Finally, the mth symbol of a source block comprises the concatenation of the mth sub-symbol from each of the N sub-blocks.
B.3.2. Encoding Packet Construction
B.3.2.1. General
Each encoding packet contains the following information:
Each source block is encoded independently of the others. Source blocks are numbered consecutively from zero.
Encoding Symbol ID values from 0 to K-1 identify the source symbols. Encoding Symbol IDs from K onwards identify repair symbols.
B.3.2.2 Encoding Packet Construction
Each encoding packet preferably either consists entirely of source symbols (source packet) or entirely of repair symbols (repair packet). A packet may contain any number of symbols from the same source block. In the case that the last symbol in the packet includes padding bytes added for FEC encoding purposes then these bytes need not be included in the packet. Otherwise, only whole symbols might be included.
The Encoding Symbol ID, X, carried in each source packet is the Encoding Symbol ID of the first source symbol carried in that packet. The subsequent source symbols in the packet have Encoding Symbol IDs, X+1 to X+G−1, in sequential order, where G is the number of symbols in the packet.
Similarly, the Encoding Symbol ID, X, placed into a repair packet is the Encoding Symbol ID of the first repair symbol in the repair packet and the subsequent repair symbols in the packet have Encoding Symbol IDs X+1 to X+G−1 in sequential order, where G is the number of symbols in the packet.
Note that it is not necessary for the receiver to know the total number of repair packets. The G repair symbol triples (d[0], a[0], b[0]), . . . , (d[G−1], a[G−1], b[G−1]) for the repair symbols placed into a repair packet with ESI X are computed using the Triple generator defined in B.5.3.4 as follows:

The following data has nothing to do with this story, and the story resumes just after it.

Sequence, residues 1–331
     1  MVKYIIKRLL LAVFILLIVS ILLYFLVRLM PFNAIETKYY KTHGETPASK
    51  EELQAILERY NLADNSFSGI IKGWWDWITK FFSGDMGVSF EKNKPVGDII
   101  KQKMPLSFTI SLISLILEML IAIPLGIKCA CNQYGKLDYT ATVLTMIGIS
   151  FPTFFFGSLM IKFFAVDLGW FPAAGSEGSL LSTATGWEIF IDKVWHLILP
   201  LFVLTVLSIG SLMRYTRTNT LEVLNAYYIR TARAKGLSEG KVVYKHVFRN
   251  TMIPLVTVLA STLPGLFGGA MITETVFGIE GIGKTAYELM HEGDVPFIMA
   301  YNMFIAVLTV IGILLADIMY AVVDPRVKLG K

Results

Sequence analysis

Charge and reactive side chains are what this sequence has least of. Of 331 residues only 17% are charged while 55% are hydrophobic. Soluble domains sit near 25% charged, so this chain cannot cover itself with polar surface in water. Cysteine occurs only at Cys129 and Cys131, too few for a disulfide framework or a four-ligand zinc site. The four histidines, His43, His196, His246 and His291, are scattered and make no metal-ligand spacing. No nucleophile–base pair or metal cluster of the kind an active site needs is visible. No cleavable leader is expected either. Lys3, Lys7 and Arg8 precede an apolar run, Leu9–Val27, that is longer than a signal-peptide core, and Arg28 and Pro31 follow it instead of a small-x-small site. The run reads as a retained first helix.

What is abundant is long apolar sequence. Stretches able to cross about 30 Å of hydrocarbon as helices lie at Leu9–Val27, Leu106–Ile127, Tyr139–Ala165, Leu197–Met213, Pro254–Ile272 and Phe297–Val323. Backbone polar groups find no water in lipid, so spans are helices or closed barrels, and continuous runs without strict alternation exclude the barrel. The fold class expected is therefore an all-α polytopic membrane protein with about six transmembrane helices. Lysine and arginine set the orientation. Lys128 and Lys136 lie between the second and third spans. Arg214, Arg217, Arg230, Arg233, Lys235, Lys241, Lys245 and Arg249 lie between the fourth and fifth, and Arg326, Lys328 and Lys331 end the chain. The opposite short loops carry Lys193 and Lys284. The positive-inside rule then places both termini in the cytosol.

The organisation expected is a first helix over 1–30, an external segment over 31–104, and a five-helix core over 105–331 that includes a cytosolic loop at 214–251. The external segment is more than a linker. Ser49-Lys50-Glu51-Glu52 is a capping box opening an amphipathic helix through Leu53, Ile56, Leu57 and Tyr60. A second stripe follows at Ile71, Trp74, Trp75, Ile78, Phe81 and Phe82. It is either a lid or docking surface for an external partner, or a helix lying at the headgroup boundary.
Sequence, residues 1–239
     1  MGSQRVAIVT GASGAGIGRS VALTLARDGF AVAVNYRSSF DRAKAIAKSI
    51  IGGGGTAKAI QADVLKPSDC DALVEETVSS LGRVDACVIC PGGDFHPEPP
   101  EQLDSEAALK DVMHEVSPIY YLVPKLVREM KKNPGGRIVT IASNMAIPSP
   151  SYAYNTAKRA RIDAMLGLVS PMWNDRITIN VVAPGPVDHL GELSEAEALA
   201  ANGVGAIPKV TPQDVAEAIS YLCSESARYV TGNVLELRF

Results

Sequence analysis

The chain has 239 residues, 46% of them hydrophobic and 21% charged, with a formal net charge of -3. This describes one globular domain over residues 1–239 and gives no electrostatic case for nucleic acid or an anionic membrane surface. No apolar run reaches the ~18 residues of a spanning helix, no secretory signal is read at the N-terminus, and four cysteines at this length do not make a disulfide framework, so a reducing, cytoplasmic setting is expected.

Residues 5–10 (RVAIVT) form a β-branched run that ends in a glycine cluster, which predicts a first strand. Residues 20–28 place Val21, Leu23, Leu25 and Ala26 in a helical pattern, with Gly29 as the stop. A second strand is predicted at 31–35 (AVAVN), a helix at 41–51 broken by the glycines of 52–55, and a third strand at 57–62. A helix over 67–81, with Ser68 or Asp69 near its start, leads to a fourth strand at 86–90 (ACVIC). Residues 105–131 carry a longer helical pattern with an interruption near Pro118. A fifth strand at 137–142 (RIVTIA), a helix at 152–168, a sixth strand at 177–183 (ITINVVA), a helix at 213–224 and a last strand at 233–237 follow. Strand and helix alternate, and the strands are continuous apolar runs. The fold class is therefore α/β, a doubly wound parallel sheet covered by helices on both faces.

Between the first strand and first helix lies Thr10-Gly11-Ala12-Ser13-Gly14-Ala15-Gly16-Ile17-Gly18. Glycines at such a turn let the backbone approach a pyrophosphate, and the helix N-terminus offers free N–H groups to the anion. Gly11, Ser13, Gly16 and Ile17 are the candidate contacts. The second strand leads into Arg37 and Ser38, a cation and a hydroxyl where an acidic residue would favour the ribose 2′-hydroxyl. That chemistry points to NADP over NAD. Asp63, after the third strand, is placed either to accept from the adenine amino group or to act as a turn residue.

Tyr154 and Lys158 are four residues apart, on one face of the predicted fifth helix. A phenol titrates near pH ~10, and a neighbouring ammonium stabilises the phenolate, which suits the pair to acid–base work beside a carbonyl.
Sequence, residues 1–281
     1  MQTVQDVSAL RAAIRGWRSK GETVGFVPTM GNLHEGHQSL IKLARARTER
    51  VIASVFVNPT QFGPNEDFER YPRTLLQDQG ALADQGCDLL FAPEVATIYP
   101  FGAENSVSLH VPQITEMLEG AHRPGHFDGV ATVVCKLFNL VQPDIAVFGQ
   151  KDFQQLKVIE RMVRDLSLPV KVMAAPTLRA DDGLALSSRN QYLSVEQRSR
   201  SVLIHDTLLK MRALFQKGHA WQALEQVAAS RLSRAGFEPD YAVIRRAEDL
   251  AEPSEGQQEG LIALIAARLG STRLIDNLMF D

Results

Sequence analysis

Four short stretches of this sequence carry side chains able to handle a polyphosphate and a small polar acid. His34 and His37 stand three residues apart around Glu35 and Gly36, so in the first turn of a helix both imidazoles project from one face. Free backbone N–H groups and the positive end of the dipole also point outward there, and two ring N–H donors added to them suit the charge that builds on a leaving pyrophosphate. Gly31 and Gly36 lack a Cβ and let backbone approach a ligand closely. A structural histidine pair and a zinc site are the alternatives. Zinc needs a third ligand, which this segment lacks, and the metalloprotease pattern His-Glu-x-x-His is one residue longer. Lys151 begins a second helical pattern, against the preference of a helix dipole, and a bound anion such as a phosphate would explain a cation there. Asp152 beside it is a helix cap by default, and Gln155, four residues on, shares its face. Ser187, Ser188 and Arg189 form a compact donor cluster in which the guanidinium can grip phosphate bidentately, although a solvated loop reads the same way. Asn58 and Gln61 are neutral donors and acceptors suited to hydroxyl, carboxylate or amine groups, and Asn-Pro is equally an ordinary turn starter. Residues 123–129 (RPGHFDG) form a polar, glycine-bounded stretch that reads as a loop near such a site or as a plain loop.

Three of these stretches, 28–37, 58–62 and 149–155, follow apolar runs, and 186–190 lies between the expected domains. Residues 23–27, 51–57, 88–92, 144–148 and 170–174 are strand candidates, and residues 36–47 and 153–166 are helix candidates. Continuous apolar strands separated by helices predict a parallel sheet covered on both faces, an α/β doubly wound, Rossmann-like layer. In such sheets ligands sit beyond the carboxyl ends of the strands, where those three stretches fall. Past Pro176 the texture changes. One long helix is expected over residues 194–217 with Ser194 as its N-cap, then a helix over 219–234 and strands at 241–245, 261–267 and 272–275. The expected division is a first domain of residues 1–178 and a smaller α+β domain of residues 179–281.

The G repair symbols to be placed in repair packet with ESI X are calculated based on the repair symbol triples as described in Section B.5.3 using the intermediate symbols C and the LT encoder LTenc[K, C, (d[i], a[i], b[i])].
B.3.3. Transport
This section describes the information exchange between the MSCR encoder/decoder and any transport protocol making use of MSCR forward error correction for file delivery.
The MSCR encoder and decoder for file delivery require the following information from the transport protocol: the file size, F, in bytes, the symbol alignment parameter, A, the symbol size, T, in bytes, which is a multiple of A, the number of source blocks, Z, the number of sub-blocks in each source block, N. The MSCR encoder for file delivery additionally requires the file to be encoded, F bytes.
The MSCR encoder supplies the transport protocol with encoding packet information comprising, for each packet, the SBN, the ESI and the encoding symbol(s). The transport protocol might communicate this information transparently to the MSCR decoder.
B.3.4. Recommended Parameters (Informative)
B.3.4.1 Parameter Derivation Algorithm
This section provides recommendations for the derivation of the four transport parameters, A, T, Z and N. This recommendation is based on the following input parameters:
Based on the above inputs, the transport parameters T. Z and N are calculated as follows:
Let,